Rodrigues stressed that there is discrimination against Roma people in Portugal as well, “especially by the police, who when they are checking merchant credentials at the street fairs, they target the Roma merchants.”
“But unlike France and Italy, in Portugal the operations to control undocumented foreigners is not focused on them,” explained the expert.
In those two countries, “instead of conducting general immigrant controls of possible undocumented persons, what they do are operations against a specific ethnic minority, which follows a populist strategy,” said Rodrigues.
Another key difference is that Portugal “adopted a system of socially mixed neighbourhoods, constructed with the perspective that the Roma coexist with Africans, Brazilians and Portuguese, whether white or mixed race, and there is little discrimination there,” she said.
In a presentation to the conference, Santiago González Avión, director in the Spanish autonomous community of Galicia of the Gypsy Secretariat Foundation, pointed to the open wound that is the division amongst the Roma communities themselves.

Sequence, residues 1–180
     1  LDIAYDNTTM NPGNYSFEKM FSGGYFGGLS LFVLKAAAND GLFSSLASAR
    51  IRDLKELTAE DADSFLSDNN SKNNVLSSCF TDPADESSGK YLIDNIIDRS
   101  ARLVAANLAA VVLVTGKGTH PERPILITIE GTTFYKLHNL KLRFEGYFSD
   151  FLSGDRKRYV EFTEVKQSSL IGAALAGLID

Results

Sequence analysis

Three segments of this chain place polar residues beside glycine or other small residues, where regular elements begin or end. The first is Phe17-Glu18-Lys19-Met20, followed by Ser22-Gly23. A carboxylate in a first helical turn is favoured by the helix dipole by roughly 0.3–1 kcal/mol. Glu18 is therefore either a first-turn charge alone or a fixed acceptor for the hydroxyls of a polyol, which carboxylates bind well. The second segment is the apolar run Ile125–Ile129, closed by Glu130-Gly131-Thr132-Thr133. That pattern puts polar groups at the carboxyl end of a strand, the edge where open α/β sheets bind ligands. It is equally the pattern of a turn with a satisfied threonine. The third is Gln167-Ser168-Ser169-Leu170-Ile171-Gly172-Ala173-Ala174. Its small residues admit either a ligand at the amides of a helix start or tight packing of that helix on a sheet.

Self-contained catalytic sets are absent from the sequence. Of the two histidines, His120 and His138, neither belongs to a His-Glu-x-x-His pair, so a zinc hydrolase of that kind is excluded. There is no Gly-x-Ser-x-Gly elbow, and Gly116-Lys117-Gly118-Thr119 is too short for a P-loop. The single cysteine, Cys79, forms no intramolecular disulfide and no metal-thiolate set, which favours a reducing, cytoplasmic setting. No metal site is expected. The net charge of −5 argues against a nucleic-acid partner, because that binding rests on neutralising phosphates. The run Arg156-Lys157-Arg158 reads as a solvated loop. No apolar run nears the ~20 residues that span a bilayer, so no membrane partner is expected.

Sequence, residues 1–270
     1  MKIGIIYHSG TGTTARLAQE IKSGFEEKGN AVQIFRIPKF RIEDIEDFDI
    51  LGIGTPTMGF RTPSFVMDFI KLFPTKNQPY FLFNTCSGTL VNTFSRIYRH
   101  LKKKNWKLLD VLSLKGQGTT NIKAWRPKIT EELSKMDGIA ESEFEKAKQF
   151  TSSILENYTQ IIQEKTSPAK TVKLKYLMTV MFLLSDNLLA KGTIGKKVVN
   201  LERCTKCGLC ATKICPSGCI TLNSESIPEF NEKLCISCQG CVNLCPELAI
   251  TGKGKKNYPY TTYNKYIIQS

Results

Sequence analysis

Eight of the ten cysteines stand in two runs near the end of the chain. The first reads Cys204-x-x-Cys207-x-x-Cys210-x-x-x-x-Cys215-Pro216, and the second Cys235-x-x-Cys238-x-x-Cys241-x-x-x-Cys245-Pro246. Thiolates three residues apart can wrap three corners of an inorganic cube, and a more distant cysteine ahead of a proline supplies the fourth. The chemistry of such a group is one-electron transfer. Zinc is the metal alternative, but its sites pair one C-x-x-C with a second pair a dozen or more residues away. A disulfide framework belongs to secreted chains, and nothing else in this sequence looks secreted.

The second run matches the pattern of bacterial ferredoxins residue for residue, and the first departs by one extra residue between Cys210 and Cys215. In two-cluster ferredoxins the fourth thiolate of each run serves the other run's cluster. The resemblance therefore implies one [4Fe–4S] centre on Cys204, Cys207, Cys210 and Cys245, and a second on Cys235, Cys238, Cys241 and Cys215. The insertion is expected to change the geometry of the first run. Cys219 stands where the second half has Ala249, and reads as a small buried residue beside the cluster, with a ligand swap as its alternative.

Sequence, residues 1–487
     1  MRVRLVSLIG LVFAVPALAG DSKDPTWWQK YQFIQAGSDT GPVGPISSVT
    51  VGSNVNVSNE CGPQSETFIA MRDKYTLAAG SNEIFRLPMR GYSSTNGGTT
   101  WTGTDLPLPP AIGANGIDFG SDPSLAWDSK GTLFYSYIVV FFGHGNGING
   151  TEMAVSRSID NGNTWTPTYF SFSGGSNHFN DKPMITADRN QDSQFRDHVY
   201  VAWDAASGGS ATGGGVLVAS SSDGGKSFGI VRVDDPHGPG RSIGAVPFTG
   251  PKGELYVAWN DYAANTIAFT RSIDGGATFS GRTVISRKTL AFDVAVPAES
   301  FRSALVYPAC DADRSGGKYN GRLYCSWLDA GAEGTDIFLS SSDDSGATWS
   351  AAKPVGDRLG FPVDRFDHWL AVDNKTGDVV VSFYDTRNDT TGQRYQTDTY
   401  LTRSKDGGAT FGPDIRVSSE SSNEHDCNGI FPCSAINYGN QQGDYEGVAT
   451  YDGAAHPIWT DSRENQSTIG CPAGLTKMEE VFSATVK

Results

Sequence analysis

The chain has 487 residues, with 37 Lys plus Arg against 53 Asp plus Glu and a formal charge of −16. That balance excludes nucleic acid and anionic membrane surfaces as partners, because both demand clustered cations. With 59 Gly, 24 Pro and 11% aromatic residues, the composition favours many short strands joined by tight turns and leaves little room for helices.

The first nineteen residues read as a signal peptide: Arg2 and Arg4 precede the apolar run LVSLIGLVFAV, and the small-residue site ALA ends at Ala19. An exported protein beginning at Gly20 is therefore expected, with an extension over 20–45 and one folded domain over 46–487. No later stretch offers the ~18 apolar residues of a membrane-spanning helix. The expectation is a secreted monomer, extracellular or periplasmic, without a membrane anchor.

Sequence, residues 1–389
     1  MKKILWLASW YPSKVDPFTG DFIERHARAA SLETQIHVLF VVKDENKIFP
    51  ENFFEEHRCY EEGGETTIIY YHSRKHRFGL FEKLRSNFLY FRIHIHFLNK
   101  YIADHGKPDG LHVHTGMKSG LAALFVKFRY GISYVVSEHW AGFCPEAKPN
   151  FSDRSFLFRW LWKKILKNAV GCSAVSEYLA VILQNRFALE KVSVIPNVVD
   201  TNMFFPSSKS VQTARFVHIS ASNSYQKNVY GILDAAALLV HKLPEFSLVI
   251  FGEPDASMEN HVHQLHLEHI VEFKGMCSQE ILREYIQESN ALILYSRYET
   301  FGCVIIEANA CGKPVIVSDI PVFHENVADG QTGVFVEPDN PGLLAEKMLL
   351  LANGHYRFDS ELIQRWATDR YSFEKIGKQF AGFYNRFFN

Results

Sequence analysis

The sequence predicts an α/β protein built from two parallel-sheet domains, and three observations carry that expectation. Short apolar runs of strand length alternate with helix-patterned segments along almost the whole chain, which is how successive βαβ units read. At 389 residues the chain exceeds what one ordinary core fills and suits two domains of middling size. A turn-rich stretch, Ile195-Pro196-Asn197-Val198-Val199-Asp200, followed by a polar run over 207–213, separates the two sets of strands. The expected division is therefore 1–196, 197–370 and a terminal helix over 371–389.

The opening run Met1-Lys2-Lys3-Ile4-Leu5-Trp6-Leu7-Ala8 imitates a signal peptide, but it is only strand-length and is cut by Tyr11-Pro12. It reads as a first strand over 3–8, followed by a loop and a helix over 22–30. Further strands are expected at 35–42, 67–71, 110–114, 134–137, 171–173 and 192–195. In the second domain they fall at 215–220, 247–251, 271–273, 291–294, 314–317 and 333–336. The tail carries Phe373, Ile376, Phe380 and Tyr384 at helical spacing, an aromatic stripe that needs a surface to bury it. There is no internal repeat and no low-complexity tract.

“Fragmentation is strong between the Galician gypsies and the Castilian gypsies, and for the Roma that hold Spanish nationality. Also between them, and those with Portuguese nationality, there is strong segregation,” said González.
The conference document also denounces “the conditions of social precarity, in addition to economic poverty and social exclusion” of these groups.
The board of the Foundation laments the fact that “the Roma of Eastern Europe have not established ties with the rest of the gypsy populations. As a result, there is weakness in articulating a gypsy movement when the time comes to vindicate our rights as citizens and demand inclusive policies.”
“It is the general policies, of an inclusive nature, that have had greatest impact in improving the living conditions and recognition of rights of gypsy populations,” he said.
And only inclusive plans “guarantee what is known as the logic of access, but not the logic of roots: feeling the policies are one’s own, and incorporating them into personal plans and group strategies,” said González.